The black cake recipe helps us understand the aspects of Dickinson’s life and poetry—her passion, her queerness—that were literally erased. But it also reminds us of these other erasures, of the people whose unrecognized labor helped make Dickinson the great poet we know today. The messy history of black cake asks us to challenge the conventional image of Emily Dickinson as a waif in a spotless white dress. It asks us to imagine, instead, the dress’s fabric sticky with molasses, rumpled with the labor of baking, and splashed crimson with currant wine. It asks us to imagine the indigenous land that grew the dress’s cotton, the enslaved Black people who were forced to pick it, the immigrant laborers who spun it into fabric, and the Irish laundress who boiled and beat that dress until history could pretend it had always and only been white.
Emily Dickinson’s Original Black Cake Recipe
2 pounds Flour -
2 sugar -
2 Butter -
19 Eggs -
5 pounds Raisins -
1 ½ Currants -
1 ½ Citron -
½ pint Brandy -
½ — Molasses -
2 Nutmegs -
Cloves - Mace -
2 teaspoons Soda -
and beat the
Mixture again -
Bake 2 ½ or
Three hours, in
Cake pans, or
5 to 6 hours
in Milk pan
Houghton Library’s Version
A quarter of the original size, courtesy of Emily Walhout and Houghton Library.
8 ounces (227 grams) flour
8 ounces (227 grams) sugar
8 ounces (227 grams) butter
20 ounces (570 grams) raisins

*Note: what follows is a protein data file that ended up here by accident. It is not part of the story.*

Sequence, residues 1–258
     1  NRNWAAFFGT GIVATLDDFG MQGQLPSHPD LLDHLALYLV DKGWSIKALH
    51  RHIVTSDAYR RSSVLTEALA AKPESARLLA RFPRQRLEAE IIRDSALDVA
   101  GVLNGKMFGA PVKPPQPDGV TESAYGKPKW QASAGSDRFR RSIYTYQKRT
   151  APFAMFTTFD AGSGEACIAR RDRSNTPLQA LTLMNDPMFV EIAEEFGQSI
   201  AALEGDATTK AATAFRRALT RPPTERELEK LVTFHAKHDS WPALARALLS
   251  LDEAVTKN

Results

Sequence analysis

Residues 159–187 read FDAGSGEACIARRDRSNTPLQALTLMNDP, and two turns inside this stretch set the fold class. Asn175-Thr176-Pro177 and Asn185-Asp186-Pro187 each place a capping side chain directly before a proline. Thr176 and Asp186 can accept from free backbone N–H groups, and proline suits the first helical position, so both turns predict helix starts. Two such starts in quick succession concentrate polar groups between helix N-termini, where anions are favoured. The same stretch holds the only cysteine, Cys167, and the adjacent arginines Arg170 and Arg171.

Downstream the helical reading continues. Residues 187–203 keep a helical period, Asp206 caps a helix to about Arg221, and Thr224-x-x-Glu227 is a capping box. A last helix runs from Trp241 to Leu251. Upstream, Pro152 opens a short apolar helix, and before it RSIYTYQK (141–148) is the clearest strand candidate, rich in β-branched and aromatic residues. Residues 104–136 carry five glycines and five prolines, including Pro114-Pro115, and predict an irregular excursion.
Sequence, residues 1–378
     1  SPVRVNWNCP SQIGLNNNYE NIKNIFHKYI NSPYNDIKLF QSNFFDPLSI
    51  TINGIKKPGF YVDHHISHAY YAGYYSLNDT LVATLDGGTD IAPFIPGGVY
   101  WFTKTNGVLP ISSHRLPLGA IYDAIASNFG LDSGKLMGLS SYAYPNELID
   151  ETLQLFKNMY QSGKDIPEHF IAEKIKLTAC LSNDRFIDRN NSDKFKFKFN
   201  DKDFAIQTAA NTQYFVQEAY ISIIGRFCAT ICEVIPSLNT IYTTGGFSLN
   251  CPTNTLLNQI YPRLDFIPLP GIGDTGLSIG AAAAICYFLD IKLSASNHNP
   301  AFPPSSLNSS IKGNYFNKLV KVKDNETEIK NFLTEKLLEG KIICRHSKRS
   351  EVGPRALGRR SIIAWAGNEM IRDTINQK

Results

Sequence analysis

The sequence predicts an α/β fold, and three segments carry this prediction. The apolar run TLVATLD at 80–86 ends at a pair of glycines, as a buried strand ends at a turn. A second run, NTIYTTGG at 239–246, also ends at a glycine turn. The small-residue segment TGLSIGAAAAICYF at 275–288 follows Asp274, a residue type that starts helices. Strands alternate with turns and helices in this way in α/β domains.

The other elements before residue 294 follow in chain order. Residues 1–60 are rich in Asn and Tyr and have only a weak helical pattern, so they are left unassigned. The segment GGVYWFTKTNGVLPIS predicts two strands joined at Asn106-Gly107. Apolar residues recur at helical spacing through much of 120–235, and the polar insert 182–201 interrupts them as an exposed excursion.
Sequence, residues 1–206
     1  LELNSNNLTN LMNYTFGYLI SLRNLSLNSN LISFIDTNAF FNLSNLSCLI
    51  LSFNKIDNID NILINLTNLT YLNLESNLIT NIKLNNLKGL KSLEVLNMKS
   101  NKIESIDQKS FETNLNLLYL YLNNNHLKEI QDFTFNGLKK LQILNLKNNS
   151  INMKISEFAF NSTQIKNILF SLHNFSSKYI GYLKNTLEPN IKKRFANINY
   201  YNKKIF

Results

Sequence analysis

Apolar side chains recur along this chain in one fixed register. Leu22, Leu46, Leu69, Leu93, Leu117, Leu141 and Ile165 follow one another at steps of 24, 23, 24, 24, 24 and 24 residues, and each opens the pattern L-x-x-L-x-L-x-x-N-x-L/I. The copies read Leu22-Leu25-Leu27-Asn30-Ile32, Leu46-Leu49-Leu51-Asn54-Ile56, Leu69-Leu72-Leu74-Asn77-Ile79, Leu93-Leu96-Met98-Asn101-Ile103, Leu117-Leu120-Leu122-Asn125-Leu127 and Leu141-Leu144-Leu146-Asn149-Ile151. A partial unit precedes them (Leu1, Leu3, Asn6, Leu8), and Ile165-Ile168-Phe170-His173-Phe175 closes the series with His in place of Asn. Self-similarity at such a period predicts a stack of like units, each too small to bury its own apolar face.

6 ounces (170 grams) currants
6 ounces (170 grams) citron
2 ounces (60 milliliters) brandy
2 ounces (60 milliliters) molasses
half a nutmeg, grated (roughly 1¼ teaspoon grated nutmeg)
1¼ teaspoon cloves
1¼ teaspoon mace
1¼ teaspoon cinnamon
½ teaspoon baking soda
- In a small bowl whisk together the flour, spices, and soda.
- In a large bowl, cream the butter and sugar.
- Mix in the unbeaten eggs until blended, then mix in the brandy and the molasses.
- Add the dry ingredients and mix well.
- Add the raisins, currants, and citron, and mix until the fruit is well-distributed.
- Pour the batter into a greased 9 x 13 inch (23 x 33 cm) baking pan lined with parchment paper. Bake at 250 ºF (120 ºC) for three hours. After allowing it to cool, wrap the cake in a cheesecloth soaked in brandy. Store it in an airtight container in the fridge.
- Every once in a while over the coming weeks and months, baste the cake with more brandy. The cake can be eaten any time after it emerges from the oven, but the longer you store it, the tastier it will be.
Gastro Obscura Tips
- You can compare Dickinson’s black cake recipes to various Caribbean black cake recipes online. M. nourbeSe philip includes an image of her mother’s black cake recipe in “Making Black Cake in Combustible Spaces.” She notes that her mother’s recipe calls for two pounds of butter, like Dickinson’s, and 24 eggs, more than Dickinson’s. Her mother’s burnt sugar was homemade.
- You can play around with the dried fruit. Citron can be hard to get ahold of; you may have to order it online. You can also buy or candy your own lemon or orange peel. I opted to use currants and raisins in the proportions named above, plus mixed candied fruit and honeyed lemon peel from a Caribbean grocery store.
- Caribbean black cake recipes, as well as many British fruit cake recipes, advise soaking the dried or candied fruit in liquor for anywhere from a couple hours to half a year before making the cake. You can substitute burnt sugar, also called browning, for the molasses, and rum for brandy; consult the Caribbean recipes above for tips on the proportions. You can also try adding mixed essence, a sweet and fruity flavoring extract; again, follow recipes from Caribbean chefs.